Wednesday, September 2, 2015

Review: The Silent Boy – Lois Lowry


The Silent Boy – Lois Lowry


Precocious Katy Thatcher comes to realize what a gentle, silent boy did for his family. He meant to help, not harm. It didn’t turn out that way.


Review: One of the reasons that I hated reading as a child was because the books that I had access to were cutesy. They didn’t deal with real-life issues. I think I would have loved this book when I was a preteen. It’s definitely a mature and realistic middlegrade novel.

The Silent Boy is a historical fiction story set in the early 1900s. Nine-year-old Katy befriends a teenager, Jacob, who is unable to speak, make eye contact, or attend school. Everyone assumes that Jacob is stupid, but Katy knows that he’s just different. One night, something goes horribly wrong, and Jacob gets the blame. Only Katy understands that he didn’t mean to hurt anyone. He was just trying to help.

This book provides an unflinching look at how mentally disabled people used to be treated. Jacob probably has autism, but nobody knows that. The characters aren’t sure how to react to him and his unusual behaviors. I love that Katy tries so hard to empathize with Jacob. She treats him like a friend and wants to know what is going on inside his head.

I also really like the scenes of Katy with her family. I know that big happy families are fashionable in YA/MG literature right now, but I think the “happy family” scenes in books often feel forced and unrealistic. Katy’s relationships with her parents and the hired staff in her house are very natural. I especially like Katy’s strong bond with her father. He encourages her to be kind to Jacob and helps her understand his odd behaviors.

My biggest criticism of this book is its pacing. It’s extremely slow. Some young readers would probably get bored with it. All of the action happens in the last 20 pages. I wish the ending had happened much earlier and we got to see more of the aftermath.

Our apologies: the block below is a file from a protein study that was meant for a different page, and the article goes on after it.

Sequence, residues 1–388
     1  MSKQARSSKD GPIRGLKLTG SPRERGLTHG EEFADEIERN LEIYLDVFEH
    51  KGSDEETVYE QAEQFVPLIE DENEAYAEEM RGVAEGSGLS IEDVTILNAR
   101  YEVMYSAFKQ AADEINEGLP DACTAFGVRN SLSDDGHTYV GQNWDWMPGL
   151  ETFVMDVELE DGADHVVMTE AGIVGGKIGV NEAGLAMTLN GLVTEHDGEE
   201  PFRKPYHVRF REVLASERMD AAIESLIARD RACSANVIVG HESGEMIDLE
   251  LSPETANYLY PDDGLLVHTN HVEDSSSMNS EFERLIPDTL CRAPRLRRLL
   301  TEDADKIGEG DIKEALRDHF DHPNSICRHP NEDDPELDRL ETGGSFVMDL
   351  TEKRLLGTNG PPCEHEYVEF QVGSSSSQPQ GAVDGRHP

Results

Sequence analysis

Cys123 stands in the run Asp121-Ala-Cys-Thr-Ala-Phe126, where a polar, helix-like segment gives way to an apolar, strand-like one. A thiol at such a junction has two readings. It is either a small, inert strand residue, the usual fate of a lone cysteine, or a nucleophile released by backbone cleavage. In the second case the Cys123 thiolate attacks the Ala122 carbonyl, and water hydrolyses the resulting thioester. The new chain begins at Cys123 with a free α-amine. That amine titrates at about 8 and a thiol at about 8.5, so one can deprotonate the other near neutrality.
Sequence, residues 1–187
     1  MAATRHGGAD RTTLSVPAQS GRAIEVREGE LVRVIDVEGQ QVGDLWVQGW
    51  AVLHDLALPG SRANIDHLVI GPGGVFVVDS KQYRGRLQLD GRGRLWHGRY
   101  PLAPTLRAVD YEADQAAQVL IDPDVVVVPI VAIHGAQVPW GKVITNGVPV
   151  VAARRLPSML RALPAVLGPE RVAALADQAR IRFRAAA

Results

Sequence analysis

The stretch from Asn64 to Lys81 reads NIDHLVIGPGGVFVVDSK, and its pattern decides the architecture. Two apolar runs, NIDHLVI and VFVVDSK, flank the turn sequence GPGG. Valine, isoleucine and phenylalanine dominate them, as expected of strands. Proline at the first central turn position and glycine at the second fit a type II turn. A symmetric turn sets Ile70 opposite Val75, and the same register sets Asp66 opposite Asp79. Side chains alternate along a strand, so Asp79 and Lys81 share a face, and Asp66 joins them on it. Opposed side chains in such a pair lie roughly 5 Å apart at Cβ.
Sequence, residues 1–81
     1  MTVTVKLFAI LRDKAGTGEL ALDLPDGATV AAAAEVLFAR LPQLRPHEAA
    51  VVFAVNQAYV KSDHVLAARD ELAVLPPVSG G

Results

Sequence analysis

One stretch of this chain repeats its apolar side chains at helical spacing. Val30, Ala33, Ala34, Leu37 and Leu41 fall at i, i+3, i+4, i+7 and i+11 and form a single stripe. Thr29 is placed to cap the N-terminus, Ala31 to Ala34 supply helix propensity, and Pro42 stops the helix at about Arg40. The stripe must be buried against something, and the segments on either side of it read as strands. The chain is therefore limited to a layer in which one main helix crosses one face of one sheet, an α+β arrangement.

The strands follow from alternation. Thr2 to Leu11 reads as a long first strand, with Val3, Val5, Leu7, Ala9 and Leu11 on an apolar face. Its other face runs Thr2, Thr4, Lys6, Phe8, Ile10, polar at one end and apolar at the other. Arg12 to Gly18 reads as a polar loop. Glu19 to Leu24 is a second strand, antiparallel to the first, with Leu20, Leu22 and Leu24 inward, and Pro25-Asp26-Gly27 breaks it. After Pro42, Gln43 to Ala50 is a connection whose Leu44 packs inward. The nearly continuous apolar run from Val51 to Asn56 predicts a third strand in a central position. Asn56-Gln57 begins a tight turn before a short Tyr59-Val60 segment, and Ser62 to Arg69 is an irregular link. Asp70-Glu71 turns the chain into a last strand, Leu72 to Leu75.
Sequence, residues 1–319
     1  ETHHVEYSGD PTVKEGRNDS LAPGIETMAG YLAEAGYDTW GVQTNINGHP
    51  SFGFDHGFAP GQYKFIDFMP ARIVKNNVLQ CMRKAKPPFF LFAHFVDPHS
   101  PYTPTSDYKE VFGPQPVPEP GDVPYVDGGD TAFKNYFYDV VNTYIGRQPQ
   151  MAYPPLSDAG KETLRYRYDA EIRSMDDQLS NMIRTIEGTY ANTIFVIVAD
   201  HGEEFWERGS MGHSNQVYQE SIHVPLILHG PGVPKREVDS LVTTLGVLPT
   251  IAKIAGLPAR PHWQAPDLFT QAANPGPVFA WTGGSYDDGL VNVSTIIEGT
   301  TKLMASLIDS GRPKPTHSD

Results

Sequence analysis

This book does not have a happy ending because mentally disabled people were not treated well during this period of history, but I think this would be a great book for a parent and mature child to read together. It would provide a lot of topics for discussion.




10 comments:

  1. I know what you mean when you say it would be better for a preteen. I have that feel about most of Lois Lowry's books. I read The Giver and Gathering Blue by her when I was 12 and loved them, but at 16 I haven't been getting into her books of late. It was still interesting to learn about this historical one. Good review x

    My recent post; http://olivia-savannah.blogspot.nl/2015/09/life-update-paris-trip-and-summer-is.html

    ReplyDelete
    Replies
    1. It was hard to suggest a target audience for this book. Teens might find it juvenile, and young kids might not like the slow beginning and intense ending.

      Aj @ Read All The Things!

      Delete
  2. Wow! This is something I would love for my son to read. He has family with mental illness on his father side so it would be a good insight.

    ReplyDelete
    Replies
    1. Yeah, I haven’t found many kid’s books that deal with mental problems in a historical setting. Probably because it’s a really depressing subject. This book is realistic, but I don’t think it will completely terrify its young readers. It doesn’t have a happy ending, though.

      Aj @ Read All The Things!

      Delete
  3. I'm not really a historical fiction fan, actually I avoid them unless they're really compelling. While this one sounds super interesting because I'm fascinated by mental illness, the talk of slow pacing--and the fact the characters seem too young, I think I'll pass. Nice review!

    ReplyDelete
    Replies
    1. The pacing is very slow, but the book is only about 200 pages, so it doesn’t take long to get through.

      Aj @ Read All The Things!

      Delete
  4. I haven't heard about this book before now, but I might give it a try! Sounds like a boy I would enjoy!

    ReplyDelete

I do a happy dance every time I get a comment. (You should be grateful that you’re not around to witness this dance. It’s truly horrifying.) Leave a link to your blog so I can visit you.